When retired Gen. Anthony C. McAuliffe died in 1975, both the headline and the first sentence of his New York Times obituary prominently featured perhaps the most famous one-word sentence in United States history: "Nuts!"
The fact that McAuliffe rated a lengthy news obituary in the paper of record was attributable mostly to that single word, typed at his direction and handed to a perplexed German emissary on December 22, 1944 in besieged Bastogne, Belgium.
Now firmly entrenched in U.S. military lore, McAuliffe's show of defiance in the midst of the Battle of the Bulge was an immediate media sensation at the time -- though it took a few days for all the pieces to be assembled.
The first mention of the U.S. forces trapped in Bastogne rejecting a German surrender demand appeared in American newspapers on December 26 -- just as the Nazi stranglehold on the crossroads was beginning to break. It came courtesy of a delayed dispatch from Tom Yarbrough of The Associated Press with a Dec. 22 dateline.
The fifth paragraph of Yarbrough's report reads:
When a German carrying a white flag came forward with the demand for surrender, he gave the American commander a false report that three towns far to the west were in German hands. The American commander sent him right back with "no" for an answer.
"No", of course, undersold it a bit, but the full story would emerge over the next few days as American forces regained their footing and beat back Hitler's last great offensive.
"The siege of the gallant Bastogne garrison has been broken, and part of its story can be told today," AP correspondent Edward D. Ball began in a report datelined Dec. 28. He continued:
The heroic American garrison pointed artillery, machine guns and mortars in all directions after their commander sent a curt one-word reply -- "Nuts!" -- to the Germans' surrender ultimatum.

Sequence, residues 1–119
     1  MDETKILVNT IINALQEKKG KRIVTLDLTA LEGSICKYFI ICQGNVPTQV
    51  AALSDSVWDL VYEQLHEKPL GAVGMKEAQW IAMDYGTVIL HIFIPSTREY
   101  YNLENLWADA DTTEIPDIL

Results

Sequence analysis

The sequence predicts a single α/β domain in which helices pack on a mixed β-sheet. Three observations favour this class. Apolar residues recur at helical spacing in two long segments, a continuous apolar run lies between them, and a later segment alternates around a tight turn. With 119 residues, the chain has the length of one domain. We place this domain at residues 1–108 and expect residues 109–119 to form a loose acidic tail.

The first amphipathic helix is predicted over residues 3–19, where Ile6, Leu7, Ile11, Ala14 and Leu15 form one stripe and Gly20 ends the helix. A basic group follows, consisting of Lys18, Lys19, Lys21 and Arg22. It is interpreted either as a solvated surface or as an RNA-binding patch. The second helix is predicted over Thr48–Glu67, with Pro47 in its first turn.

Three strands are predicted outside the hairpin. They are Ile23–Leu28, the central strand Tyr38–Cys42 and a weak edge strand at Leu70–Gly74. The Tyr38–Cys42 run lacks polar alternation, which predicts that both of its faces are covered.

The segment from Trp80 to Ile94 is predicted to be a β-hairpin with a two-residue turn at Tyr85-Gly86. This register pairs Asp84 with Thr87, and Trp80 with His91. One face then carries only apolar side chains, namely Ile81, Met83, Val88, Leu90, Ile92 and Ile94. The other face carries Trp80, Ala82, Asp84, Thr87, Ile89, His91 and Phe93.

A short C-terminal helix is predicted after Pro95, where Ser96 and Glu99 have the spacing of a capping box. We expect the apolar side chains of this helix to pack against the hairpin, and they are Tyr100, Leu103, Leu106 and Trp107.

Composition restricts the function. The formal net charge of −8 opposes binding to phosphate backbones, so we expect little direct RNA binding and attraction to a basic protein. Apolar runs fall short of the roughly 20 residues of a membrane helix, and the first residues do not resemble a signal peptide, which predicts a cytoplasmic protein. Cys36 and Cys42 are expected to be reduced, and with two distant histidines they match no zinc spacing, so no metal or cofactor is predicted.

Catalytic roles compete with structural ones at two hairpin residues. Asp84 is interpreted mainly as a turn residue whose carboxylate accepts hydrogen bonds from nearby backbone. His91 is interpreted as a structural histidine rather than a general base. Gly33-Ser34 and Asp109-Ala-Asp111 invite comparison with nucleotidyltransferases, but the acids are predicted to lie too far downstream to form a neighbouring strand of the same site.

Ball's story quoted the entire missive offered by the German general (Heinrich Freiherr von Lüttwitz), a long-winded screed suggesting "honorable surrender" was the only way to save U.S. troops from "total annihilation".
Ball followed up with the U.S. reply: "To the German commander: Nuts!" For emphasis, Ball's next sentence read: "The last word was double-spaced, underlined and followed by an exclamation point."
Ball's dispatch was a sensation, front-page news from coast to coast back home -- and he still hadn't been able to release the name of the American commander.
Two days later, stories revealing McAuliffe as the man behind the rejection cast the general as a legend.
"General McAuliffe's 'Nuts' One of Classics of This War" blared the page-one headline in the Richmond Times Dispatch on Ball's follow-up story, which began:
The commander of Bastogne's valorous 10,000, who made history with a single word -- "nuts," was 46-year-old Brigadier General Anthony C. McAuliffe, one of America's youngest generals.
Ball goes on to compare McAuliffe to John Paul Jones and notes that "this typical bit of American repartee became a rallying call for the garrison of 10,000."
The Cincinnati Enquirer's front-page treatment of an INS wire story was equally enthusiastic, with the headline reading "'Nuts' Tops Saga Of 101st Division!" and the subhead "Acting Commander McAuliffe Steps Into Immortality At Bastogne with Laconic Reply to German Demands for Surrender."
The INS story notes that "the saga of the 101st Airborne Division is a natural for Hollywood -- or history," proving prescient on both accounts.
Once revealed as the man behind the missive, McAuliffe became an instant celebrity -- a remarkable turn of events considering he was merely filling in for Maj. Gen. Maxwell Taylor, who was back in the U.S. when the Germans attacked.
Ball's follow-up story on the general that hit the wires Dec. 30 was widely circulated, quoting admiring soldiers from the 101st lauding the hero of the day.
To the tough fighting men of the 101st, the general is known as “Old Crock” or “General Mac,” Ball wrote. “To fellow officers he is “Tony.”
General McAuliffe is 46, stands 5 feet 5, is ruddy faced with sharp blue eyes and carries himself like the West Pointer he is.